Tags: Paul Krugman | stagnation | economy | depressed

Krugman: Economic Slump May Be Permanent

Tuesday, 19 Nov 2013 07:53 AM

By Michael Kling

Economists who suspect the current economic slump is essentially permanent are entering the mainstream, according to New York Times columnist Paul Krugman.

It's called "secular stagnation," a persistent depressed economy occasionally interrupted by brief periods of prosperity caused by unsustainable bubbles.

The idea that has been lurking on the fringes, but is now being openly discussed by leading economists, he writes.

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None other than Larry Summers, former White House economic advisor, warned about secular stagnation at a recent International Monetary Foundation conference.

"And if Mr. Summers is right, everything respectable people have been saying about economic policy is wrong, and will keep being wrong for a long time," Krugman argues.

Summers noted that the economy, suffering from inadequate demand, only seems to approach full employment when it's buoyed by bubbles. Inflation has almost disappeared. Even in the housing bubble in the early part of the century, significant inflation never appeared.

Krugman points out that even though household debt relative to income skyrocketed in the decades before the financial crisis, the economy was merely acceptable and demand never exceeded of supply.

"Looking forward, we obviously can’t go back to the days of ever-rising debt. Yet that means weaker consumer demand — and without that demand, how are we supposed to return to full employment?"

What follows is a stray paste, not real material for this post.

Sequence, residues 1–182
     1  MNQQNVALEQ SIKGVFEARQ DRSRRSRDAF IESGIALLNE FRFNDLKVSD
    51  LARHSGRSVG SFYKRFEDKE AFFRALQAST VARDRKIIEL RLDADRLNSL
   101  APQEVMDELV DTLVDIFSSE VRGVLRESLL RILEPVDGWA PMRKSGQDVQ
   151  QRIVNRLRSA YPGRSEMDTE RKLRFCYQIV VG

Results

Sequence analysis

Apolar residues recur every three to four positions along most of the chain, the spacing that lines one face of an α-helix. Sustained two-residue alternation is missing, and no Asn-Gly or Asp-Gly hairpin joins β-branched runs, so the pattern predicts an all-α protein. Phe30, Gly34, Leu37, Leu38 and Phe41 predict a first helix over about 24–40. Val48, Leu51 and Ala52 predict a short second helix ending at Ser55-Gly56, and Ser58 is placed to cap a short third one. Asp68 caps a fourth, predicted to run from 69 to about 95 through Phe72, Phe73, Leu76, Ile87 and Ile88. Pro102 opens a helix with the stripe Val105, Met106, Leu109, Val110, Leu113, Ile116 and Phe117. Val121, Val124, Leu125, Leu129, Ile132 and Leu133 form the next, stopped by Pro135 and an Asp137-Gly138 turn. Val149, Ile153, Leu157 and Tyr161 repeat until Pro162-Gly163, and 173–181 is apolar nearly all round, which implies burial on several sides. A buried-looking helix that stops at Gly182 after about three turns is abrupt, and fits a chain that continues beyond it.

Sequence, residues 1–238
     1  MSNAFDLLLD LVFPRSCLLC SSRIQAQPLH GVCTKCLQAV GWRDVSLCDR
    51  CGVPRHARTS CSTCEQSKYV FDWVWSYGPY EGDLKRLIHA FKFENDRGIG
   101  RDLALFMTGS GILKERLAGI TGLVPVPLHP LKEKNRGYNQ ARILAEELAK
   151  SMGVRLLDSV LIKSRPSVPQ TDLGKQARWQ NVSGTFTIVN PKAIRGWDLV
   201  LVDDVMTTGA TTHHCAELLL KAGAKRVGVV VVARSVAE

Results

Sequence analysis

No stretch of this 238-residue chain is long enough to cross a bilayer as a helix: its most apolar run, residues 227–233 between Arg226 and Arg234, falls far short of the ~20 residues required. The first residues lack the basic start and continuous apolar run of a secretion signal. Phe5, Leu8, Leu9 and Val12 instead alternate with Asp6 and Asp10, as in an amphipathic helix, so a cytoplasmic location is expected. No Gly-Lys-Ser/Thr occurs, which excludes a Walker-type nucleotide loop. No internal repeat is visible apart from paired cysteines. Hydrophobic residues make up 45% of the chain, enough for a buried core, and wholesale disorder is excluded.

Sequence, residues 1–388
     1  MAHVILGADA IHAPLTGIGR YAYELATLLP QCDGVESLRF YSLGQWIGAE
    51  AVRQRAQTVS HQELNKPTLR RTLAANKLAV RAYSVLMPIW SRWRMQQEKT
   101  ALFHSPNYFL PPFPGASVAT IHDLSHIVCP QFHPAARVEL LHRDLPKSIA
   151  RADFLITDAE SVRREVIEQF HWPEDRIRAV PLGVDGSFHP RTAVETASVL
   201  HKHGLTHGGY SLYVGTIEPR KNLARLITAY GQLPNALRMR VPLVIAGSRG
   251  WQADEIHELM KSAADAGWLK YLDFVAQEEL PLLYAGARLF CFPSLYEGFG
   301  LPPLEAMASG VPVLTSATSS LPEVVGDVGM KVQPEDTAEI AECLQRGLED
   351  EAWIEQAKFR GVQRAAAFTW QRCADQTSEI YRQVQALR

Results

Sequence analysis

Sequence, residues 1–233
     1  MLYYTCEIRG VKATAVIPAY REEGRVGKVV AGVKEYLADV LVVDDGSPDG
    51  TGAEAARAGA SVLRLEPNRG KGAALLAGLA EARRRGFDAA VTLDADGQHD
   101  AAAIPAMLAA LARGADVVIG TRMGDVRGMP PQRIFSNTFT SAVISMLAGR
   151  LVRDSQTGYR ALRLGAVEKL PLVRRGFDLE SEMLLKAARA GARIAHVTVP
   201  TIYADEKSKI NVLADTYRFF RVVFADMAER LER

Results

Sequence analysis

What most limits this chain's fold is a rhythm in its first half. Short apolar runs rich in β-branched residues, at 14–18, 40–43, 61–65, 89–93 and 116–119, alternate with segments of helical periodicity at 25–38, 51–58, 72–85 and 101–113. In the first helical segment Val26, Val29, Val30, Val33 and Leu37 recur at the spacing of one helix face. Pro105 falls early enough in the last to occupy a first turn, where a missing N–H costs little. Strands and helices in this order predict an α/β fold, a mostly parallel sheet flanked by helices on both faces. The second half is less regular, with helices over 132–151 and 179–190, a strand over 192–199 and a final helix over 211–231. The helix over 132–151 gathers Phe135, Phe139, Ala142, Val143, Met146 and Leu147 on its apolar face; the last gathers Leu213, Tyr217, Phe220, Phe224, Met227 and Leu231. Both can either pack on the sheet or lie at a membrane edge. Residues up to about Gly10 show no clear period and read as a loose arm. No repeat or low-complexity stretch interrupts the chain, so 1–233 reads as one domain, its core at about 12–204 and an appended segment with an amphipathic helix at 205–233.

That means the new normal is a mild depression interrupted by brief periods of prosperity caused by bubbles and unsustainable borrowing.

The permanent stagnation means low interest rates should and probably will continue.

"This, in turn, means we can forget all those scare stories about government debt, which run along the lines of 'It may not be a problem now, but just wait until interest rates rise'"

While Krugman also blames slowing population growth as contributing to stagnation, increased automation may be a contributing factor, says Mother Jones political commentator Kevin Drum.

Fewer jobs are available, as machines do more work. Also, increasing income inequality means the middle class has less spending power.

Others, point to the growing role of the financial sector.

"If Summers is right, this is not a temporary condition that can be solved with monetary policy, it's a permanent change in the economy. But why? One way or another, the answer has to get back to the real world," Drum writes.

"Usually, when bad economic times last long enough, people start to thing they'll last forever," he adds.

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